How Humans Benefit From Stressed Plants

Appropriating Plant Defenses

Plants live the ultimate sedentary lifestyle—most of us usually think of plants more as objects than as organisms. Because plants can’t move, they’ve had to evolve a whole other way to escape threats to their well-being. Plants can “sense and respond dynamically to all sorts of stimuli: chemical concentrations in the air and soil, water, touch, motion, vibration, pathogens, predators, and, of course, light.” How do they respond? Biochemically. They manufacture, from scratch, a dizzying array of compounds to deal with specific threats.

If we get too hot, we can move into the shade. If plants get too hot, they’re stuck—they are the shade! As a result, “the complexity of the plant stress response humbles that of animals. Plants and their stress response have been evolving for almost a billion years.” And in that time they’ve created a whole chemistry lab of protective substances, some of which can induce similarly protective responses in those of us who eat them.

The “best grapes in terms of health benefit often grow in relatively dry, sun-exposed, infertile soil. Similarly, drought-stressed strawberries have more antioxidants and phytonutrients. Indeed, commonly consumed foods like lettuce and fruits can be nutritionally enhanced by cold stress, light stress, water deficit, or nutrient deficit stress.” Why are stressed plants often the healthiest?

Studies (such as those highlighted in my video, Appropriating Plant Defenses) suggest that plants and animals largely share the same molecular pathways in order to respond to stress, so it’s conceivable that a molecule produced in plants can also be effective in people. Plants have DNA; humans have DNA. The UV rays in sunlight can damage the DNA in plants in the same way it can damage our DNA (by creating free radicals). Plants figured out how to cook up all these complex antioxidants, and instead of reinventing the wheel, animals can just expropriate those antioxidants from plants and commandeer them for the same purpose.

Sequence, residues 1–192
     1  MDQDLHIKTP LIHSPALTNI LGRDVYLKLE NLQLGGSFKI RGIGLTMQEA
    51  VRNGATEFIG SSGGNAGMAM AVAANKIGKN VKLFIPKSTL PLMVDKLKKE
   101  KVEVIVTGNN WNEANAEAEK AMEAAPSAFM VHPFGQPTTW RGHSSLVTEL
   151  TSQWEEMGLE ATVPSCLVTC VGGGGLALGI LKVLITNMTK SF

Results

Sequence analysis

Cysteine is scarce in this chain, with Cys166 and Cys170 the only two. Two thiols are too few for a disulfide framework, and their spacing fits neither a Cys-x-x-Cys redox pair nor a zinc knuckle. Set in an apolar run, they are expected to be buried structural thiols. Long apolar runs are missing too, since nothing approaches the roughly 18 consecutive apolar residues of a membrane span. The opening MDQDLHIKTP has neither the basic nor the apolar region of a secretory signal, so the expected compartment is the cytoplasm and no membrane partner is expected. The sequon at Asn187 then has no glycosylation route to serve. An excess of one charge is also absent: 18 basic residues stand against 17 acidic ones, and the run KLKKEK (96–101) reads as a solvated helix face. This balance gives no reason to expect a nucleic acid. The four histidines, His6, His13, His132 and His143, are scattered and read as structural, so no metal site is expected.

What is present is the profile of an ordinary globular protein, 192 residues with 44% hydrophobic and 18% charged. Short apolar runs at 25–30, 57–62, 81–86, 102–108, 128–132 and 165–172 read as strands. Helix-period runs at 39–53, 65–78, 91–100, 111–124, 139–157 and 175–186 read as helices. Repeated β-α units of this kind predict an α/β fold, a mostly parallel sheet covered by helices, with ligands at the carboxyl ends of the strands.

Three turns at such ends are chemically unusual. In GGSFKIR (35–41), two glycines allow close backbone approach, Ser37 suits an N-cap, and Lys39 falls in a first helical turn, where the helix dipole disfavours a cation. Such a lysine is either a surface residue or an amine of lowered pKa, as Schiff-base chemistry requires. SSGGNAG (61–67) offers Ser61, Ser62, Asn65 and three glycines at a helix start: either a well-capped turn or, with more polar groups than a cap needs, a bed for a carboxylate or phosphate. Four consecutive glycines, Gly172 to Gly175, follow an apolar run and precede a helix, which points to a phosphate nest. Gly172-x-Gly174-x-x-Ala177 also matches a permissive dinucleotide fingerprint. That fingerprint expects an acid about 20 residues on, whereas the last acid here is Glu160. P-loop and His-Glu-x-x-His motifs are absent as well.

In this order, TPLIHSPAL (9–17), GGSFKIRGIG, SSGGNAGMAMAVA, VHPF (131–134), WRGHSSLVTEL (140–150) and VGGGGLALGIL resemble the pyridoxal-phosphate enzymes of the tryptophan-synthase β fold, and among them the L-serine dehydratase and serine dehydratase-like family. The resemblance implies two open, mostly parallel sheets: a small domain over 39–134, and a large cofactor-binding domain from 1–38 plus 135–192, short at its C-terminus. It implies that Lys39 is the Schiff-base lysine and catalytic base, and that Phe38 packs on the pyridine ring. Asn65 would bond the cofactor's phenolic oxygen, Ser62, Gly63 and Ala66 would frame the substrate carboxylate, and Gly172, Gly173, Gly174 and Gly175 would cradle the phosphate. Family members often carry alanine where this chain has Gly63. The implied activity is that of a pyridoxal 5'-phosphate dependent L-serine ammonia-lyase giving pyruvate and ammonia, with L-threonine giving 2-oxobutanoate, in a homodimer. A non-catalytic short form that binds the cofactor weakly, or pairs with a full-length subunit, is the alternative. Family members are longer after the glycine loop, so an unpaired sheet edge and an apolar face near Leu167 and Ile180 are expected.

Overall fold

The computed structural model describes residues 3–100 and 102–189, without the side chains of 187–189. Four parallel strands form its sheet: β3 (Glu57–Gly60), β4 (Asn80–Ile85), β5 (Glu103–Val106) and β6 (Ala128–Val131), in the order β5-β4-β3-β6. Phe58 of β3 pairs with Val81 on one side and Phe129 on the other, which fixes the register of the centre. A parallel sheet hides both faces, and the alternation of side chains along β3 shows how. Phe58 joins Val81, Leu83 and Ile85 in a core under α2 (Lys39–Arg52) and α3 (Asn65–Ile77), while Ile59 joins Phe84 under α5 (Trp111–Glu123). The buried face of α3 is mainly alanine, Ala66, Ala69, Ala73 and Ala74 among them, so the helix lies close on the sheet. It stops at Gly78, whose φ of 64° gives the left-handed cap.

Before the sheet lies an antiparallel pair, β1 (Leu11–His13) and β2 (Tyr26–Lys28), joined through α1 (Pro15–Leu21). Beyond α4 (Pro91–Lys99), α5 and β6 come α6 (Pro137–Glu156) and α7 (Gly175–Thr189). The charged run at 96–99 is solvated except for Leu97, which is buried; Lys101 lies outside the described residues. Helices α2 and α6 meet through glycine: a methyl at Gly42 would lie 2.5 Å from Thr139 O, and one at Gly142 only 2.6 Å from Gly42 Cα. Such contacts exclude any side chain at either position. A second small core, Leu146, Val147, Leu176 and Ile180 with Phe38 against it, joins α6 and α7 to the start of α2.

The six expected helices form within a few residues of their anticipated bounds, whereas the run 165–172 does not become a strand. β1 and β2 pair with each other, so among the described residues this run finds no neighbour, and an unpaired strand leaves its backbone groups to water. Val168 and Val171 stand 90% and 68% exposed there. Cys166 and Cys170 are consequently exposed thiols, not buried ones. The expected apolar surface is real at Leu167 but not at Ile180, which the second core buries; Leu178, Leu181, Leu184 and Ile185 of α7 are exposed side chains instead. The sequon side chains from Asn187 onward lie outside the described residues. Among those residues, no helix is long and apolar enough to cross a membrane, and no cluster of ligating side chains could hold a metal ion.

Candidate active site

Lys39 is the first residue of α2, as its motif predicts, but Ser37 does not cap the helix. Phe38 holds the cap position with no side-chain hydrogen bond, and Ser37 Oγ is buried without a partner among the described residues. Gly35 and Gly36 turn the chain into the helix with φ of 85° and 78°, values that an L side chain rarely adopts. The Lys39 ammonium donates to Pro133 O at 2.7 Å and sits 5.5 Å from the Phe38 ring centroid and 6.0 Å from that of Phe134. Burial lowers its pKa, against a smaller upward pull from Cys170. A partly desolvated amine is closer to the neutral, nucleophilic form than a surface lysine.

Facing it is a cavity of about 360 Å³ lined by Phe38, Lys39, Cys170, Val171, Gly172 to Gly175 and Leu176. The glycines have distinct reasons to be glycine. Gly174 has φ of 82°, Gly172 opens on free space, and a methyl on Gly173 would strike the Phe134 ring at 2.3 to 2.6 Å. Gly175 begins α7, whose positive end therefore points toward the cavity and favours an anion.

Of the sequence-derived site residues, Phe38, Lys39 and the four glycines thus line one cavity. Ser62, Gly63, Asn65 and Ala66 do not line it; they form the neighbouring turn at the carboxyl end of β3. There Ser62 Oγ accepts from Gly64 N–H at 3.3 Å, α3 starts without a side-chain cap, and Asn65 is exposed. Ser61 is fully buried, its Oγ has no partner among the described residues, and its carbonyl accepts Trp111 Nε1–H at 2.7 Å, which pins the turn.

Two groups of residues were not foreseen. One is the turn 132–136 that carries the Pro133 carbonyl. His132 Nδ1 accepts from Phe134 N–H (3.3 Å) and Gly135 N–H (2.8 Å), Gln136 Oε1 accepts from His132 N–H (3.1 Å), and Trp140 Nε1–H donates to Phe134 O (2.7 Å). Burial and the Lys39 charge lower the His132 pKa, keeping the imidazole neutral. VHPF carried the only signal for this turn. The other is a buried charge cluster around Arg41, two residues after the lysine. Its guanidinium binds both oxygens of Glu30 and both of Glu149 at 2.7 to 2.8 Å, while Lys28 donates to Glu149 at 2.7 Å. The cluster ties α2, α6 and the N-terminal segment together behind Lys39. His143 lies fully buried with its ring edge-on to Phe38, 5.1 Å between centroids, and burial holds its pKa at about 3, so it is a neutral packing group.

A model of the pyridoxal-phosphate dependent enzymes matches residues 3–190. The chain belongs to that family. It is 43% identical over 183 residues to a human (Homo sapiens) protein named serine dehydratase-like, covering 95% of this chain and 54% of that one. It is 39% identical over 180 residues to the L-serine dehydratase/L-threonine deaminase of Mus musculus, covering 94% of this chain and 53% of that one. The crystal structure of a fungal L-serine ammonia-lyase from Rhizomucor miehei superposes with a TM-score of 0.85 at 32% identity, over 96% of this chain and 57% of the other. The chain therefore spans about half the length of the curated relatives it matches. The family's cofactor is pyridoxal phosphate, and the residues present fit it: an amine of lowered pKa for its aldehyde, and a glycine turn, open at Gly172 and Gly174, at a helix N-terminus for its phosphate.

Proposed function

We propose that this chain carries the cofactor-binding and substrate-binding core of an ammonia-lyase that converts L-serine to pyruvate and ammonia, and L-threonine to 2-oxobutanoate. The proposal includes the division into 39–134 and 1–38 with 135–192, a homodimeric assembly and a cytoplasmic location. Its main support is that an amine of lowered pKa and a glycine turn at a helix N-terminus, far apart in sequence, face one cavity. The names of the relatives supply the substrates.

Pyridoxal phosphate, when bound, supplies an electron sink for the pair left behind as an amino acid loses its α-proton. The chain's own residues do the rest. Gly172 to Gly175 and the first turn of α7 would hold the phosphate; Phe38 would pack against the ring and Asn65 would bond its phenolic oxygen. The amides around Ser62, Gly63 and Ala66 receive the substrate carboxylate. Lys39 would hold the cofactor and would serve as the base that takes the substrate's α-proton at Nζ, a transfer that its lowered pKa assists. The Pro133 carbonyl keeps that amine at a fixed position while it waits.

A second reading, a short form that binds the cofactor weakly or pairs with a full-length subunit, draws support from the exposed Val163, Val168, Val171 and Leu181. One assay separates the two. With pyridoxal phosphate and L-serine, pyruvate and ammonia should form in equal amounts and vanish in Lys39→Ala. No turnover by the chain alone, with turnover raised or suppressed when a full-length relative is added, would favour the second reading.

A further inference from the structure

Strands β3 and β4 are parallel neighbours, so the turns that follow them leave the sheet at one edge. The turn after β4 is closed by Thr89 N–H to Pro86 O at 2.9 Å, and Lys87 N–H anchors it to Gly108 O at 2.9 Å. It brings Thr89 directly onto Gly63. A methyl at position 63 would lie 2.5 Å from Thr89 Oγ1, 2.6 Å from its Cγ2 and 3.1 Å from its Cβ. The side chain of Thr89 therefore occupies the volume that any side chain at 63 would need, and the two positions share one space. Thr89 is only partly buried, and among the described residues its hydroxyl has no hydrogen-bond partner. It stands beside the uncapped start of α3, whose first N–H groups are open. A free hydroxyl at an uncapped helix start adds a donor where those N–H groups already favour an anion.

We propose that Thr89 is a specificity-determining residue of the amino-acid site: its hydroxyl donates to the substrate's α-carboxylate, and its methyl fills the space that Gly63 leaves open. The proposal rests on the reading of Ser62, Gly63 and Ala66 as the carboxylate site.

We get attacked by bacteria; plants and fungi get attacked by bacteria. When a particular fungus is getting muscled in on by bacteria, it creates a molecule called penicillin–provided free for us.

When plants get infected, they produce aspirin (See Aspirin Levels in Plant Foods), which can come in handy when we get infected. Plants heal wounds; we heal wounds, using similar fatty-acid signaling systems. It is “increasingly evident that plants and animals differ less than we thought in how we respond to stimuli, sharing elements of fatty acid, protein, steroidal, neurotransmitter, free radical, nitric oxide, and even plant growth hormone signaling systems.” So in a sense, we’re just opening up nature’s drug store when we pull out the crisper in our fridge.

This whole co-evolution concept reminds me of Human Neurotransmitters In Plants and The Broccoli Receptor: Our First Line of Defense.

More on the power of plants in Power Plants.

Some of the wilder things that Phytochemicals: The Nutrition Facts Missing from the Label can do are explored in:

We evolved eating a lot of plants: Paleolithic Lessons.

In health,
Michael Greger, M.D.

PS: If you haven’t yet, you can subscribe to my videos for free by clicking here and watch my full 2012 – 2015 presentations Uprooting the Leading Causes of Death, More than an Apple a Day, From Table to Able, and Food as Medicine.